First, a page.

Microfibers released in washing machines can wreak havoc on soil treatment systems over time.
New studies indicate that the fibers in our clothes could be poisoning our waterways and food chain on a massive scale. Microfibers — tiny threads shed from fabric — have been found in abundance on shorelines where wastewater is released. In fact, 85 percent of the human-made material found on the shoreline were microfibers, and matched the types of material, such as nylon and acrylic, used in clothing. Microfibers are so small, too small to see. They can be as small as 3 microns. In comparison, a human hair is 50-100 microns.
In a recent study, researchers at the University of California at Santa Barbara found that on average, synthetic fleece jackets release 1.7 grams of microfibers each wash. That’s approximately 1,900 individual fibers. For those connected to a sewer system, the microfibers travel to the local wastewater treatment plant, where up to 40 percent of them enter rivers, lakes and oceans, according to the research findings. Synthetic microfibers are particularly dangerous because they have the potential to poison the food chain. The fibers’ size also allows them to be readily consumed by fish and other wildlife. These plastic fibers have the potential to bioaccumulate, concentrating the toxins in the bodies of larger animals higher up the food chain.
These tiny particles also have the potential to impact septic systems, since most washing machines don’t filter out particles and the current available add-on filters designed to keep lint out of septic tanks still don’t catch the tiniest fibers. Since the particles are so small they will be resistant to settling in the septic tank and will pass through effluent screens. It is likely that most of these fibers are captured in the soil treatment system, creating concern for plugging of soil pores over time.
There appear to be no easy answers. One way to begin to address the problem is to try to make clothes that shed fewer plastic fibers when washed. Researchers are working collaboratively with designers to create fabrics that are more durable and release less plastic waste during wash cycles.
Another way to address the problem is to tell customers to reduce the amount of times synthetic clothing gets washed, and when need be, use washing machines with filters installed that catch the microfibers in the wastewater. Although filters are not a common feature in washing machines, some manufacturers do include them and aftermarket filters are commercially available (although they currently do not filter out microfibers). Other, more innovative filters are under development. One example is the Rozalia Project’s microfiber catcher, which will collect microfibers as well as hair, and prevent them from flowing out with the drain water, and is reported to be available in 2017. It is also better to use front-loading, high-efficiency washing machines instead of top-loading washing machines. Researchers found that top-loading washing machines released five times more microfibers than front-loading washing machines, and the more you wash it, the worse it gets (aged jackets released almost two times the amount of new jackets).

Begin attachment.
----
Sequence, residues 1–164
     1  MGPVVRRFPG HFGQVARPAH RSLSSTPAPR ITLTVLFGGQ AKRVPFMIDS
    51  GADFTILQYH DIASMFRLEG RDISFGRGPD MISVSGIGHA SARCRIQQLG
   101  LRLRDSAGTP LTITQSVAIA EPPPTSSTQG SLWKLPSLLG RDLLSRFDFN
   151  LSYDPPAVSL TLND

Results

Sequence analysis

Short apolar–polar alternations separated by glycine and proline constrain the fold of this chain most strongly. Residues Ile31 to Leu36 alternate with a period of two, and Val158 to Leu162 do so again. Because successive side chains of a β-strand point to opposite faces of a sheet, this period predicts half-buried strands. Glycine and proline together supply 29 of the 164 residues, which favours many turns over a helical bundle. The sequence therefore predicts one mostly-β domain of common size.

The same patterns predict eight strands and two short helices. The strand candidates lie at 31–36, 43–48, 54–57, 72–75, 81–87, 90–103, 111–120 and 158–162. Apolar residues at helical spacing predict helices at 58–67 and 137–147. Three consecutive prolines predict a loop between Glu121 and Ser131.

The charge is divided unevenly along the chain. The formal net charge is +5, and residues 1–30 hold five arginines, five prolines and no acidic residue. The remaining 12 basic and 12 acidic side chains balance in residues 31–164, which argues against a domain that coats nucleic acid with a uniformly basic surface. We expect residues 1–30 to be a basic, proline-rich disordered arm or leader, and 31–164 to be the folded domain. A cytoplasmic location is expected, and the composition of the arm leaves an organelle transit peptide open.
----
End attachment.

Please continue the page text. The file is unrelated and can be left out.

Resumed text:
The final place to catch microfibers before they are flushed to surface waters is at wastewater treatment plants. Although a typical secondary treatment plant will NOT do an effective job removing microfibers, plants that employ tertiary treatment to produce reclaimed water for non-potable uses typically use filtration that would remove microfibers. Wastewater treatment plants that use advanced treatment to produce potable water use microfiltration (as well as other technologies), which will also effectively remove microfibers.
About the author
Sara Heger, Ph.D., is an engineer, researcher and instructor in the Onsite Sewage Treatment Program in the Water Resources Center at the University of Minnesota. She presents at many local and national training events regarding the design, installation and management of septic systems and related research. Heger is education chair of the Minnesota Onsite Wastewater Association (MOWA) and the National Onsite Wastewater Recycling Association (NOWRA), and serves on the NSF International Committee on Wastewater Treatment Systems. Send her questions about septic system maintenance and operation by email to firstname.lastname@example.org.